Israel passes law on loyalty oath

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LISA MULLINS: The seemingly intractable Middle East conundrum continues. Today, Israel's prime minister offered to renew a partial freeze on building settlements. But only if Palestinians recognize Israel as a Jewish state. Palestinian officials rejected the offer out of hand. This move follows the approval of a controversial new law in Israel. It would require that prospective Israeli citizens who are not Jewish take an oath of loyalty to the Jewish state. The World's Matthew Bell reports from Jerusalem.

MATTHEW BELL: The new law is expected to pass in Israel's Knesset. It would require that anyone who's not Jewish and wants to become a naturalized citizen of Israel, take a pledge of loyalty to a quote �Jewish and democratic state.� The law is creating a lot of waves. Though in reality, it wouldn't be likely to affect many people directly.

RONI SHOCKEN: The only meaning is to tell the Arab minority, you are a second class citizens here.

BELL: That's Roni Shocken of the Abraham Fund, a non-governmental organization that works with Israeli Arab communities. The largest group affected by the new law would be Palestinians seeking Israeli citizenship after marrying an Arab Israeli citizen. But because of an existing law passed during the violence of the second intifada, Israel has been prohibiting almost all Palestinians from becoming new citizens for most of the past decade. That's why Shocken says this mandatory oath has no practical meaning.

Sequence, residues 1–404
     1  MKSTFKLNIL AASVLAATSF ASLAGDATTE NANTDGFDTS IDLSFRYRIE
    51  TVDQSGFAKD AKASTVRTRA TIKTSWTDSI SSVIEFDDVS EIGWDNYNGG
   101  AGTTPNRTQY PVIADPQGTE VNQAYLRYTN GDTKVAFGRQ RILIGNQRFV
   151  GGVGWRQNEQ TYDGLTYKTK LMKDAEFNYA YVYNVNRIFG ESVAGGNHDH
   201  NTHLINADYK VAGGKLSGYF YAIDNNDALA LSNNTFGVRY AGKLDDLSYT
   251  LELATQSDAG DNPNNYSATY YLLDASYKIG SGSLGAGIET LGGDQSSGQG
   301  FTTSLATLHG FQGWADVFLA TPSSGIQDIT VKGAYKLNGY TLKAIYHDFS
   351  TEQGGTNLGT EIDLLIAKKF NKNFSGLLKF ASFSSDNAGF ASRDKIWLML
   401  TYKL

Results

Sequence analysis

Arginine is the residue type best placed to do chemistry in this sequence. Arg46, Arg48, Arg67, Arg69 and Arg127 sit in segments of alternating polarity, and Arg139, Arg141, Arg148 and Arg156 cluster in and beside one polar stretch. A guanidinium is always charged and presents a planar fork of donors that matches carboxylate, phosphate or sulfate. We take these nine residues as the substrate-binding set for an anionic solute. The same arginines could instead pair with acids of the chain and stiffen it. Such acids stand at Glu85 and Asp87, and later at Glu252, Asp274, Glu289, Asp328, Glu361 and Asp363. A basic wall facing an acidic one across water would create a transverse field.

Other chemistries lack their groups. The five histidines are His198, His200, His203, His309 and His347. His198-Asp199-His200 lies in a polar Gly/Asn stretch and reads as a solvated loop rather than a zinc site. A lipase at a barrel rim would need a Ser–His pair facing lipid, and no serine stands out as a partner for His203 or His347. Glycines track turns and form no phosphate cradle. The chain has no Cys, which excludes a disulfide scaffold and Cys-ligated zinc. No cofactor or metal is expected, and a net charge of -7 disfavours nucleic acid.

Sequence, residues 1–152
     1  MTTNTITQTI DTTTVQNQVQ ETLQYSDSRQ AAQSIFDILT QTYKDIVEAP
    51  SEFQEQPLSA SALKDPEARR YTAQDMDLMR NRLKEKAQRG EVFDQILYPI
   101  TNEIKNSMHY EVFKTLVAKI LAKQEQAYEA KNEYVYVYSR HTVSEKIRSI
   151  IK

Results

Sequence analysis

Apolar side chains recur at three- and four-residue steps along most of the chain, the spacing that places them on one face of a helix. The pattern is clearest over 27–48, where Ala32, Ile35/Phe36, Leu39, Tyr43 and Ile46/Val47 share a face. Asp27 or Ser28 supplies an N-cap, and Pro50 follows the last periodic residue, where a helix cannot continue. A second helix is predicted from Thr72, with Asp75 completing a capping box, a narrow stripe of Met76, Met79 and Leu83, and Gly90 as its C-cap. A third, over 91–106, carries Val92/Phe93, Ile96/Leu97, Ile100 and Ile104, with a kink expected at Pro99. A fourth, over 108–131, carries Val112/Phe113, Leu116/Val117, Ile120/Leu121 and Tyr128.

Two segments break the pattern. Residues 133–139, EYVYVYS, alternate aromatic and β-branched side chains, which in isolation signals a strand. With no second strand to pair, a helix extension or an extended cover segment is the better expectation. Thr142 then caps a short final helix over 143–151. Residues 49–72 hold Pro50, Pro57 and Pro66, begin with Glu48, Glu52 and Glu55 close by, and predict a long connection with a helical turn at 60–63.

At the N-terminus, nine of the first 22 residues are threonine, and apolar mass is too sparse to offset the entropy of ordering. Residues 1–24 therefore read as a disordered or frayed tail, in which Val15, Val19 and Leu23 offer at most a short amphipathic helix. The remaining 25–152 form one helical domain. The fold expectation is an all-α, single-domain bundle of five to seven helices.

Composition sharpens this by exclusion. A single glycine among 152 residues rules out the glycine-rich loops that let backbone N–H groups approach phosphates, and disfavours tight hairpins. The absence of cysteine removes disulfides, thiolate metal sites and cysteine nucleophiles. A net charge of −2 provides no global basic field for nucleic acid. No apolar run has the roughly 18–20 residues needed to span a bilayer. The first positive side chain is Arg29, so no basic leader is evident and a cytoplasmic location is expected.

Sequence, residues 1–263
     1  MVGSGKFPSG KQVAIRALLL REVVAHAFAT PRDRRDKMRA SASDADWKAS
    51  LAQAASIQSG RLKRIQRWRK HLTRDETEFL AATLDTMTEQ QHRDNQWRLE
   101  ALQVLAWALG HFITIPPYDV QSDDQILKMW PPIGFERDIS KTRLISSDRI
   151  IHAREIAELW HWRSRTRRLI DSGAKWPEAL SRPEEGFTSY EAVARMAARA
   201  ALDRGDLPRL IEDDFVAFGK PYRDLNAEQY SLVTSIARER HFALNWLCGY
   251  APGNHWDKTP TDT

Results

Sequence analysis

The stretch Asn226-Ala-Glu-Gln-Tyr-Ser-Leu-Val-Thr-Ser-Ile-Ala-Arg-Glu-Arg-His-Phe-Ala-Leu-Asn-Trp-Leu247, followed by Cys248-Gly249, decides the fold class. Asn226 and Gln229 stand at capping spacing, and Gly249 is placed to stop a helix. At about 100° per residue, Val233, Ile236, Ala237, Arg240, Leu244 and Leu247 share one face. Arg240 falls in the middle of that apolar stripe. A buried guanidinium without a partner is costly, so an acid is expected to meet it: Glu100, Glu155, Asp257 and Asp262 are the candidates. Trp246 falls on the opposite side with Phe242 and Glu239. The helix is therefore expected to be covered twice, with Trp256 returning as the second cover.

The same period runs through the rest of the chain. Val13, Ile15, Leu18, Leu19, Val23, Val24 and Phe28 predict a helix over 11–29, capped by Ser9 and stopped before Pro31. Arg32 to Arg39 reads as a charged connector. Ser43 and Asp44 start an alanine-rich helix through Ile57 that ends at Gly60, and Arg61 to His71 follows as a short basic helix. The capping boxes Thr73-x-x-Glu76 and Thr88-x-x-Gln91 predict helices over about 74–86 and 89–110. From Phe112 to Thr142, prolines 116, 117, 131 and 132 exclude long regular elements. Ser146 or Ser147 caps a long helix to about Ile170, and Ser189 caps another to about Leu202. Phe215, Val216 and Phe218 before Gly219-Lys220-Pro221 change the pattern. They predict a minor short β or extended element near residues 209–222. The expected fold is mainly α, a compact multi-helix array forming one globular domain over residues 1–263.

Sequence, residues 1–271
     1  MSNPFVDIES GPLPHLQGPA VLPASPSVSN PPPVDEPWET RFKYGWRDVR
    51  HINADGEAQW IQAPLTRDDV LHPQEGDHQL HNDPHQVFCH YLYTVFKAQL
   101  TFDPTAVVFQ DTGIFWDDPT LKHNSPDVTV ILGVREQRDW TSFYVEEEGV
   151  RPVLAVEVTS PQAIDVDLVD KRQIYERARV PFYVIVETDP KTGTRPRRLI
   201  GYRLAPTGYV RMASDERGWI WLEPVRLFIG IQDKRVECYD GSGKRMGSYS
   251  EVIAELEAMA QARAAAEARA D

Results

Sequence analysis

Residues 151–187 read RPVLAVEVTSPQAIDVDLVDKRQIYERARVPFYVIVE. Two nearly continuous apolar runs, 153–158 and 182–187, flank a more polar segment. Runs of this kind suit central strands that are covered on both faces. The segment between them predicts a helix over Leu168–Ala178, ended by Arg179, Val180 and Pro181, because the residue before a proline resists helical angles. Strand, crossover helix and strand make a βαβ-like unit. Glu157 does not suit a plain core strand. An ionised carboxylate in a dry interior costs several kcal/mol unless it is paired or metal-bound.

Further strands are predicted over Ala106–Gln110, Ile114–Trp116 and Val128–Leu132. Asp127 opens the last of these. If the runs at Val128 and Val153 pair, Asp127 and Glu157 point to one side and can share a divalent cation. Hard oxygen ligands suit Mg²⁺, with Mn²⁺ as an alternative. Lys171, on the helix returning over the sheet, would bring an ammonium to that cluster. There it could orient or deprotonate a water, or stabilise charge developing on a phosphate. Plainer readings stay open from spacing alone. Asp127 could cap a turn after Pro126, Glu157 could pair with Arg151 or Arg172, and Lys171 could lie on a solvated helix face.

SHOCKEN: It is meaningless because no one knows what a democratic and Jewish country is. There is a debate here in Israel within the Jewish population, what a Jewish state is, what it means. Is it a state with a Jewish majority? Is it a state with Jewish tradition or religion or legal system?

BELL: Shocken and other critics worry the loyalty oath is the beginning of a legal shift in the way Israel treats its non-Jewish citizens, who make up about 20% of the population.

MARK REGEV: This in no way affects existing Israeli citizens.

BELL: Mark Regev is the spokesman at the Israeli prime minister's office.

REGEV: To be fair, the prime minister said today of course, Israel's Arabs are non-Jewish citizens as individuals, as a community, will continue to enjoy full civil and legal equality in the framework of Israeli democracy. That's not an issue for debate.

BELL: The Israeli political party that pushed for a loyalty oath is called Israel Beitenu, which means �Israel, Our Home.� It campaigned on the slogan, �No Loyalty, No Citizenship.� Now, it's part of the governing coalition in Israel. And the party has advocated for a whole host of so-called new �loyalty� laws. Those positions have led to charges of racism. Danny Hershtal is a spokesman for Israel Beitenu.

DANNY HERSHTAL: We don't require anyone to take on any aspects of Judaism or of Jewish ethnicity or Jewish culture. However, unlike the United States of America, which was created as a country for all its citizens, the purpose of Israel was to create a Jewish state because the land of Israel originally was the ethnic home of the Jewish people and as you know we weren't treated so well outside of it.

BELL: Advocates of the loyalty oath say it's also about Israel seeking recognition from its Arab neighbors as the national homeland of the Jewish people. Critics say the Israeli loyalty oath law goes too far, by denying the history and right to self-determination of the Palestinians. For The World, I'm Matthew Bell in Jerusalem.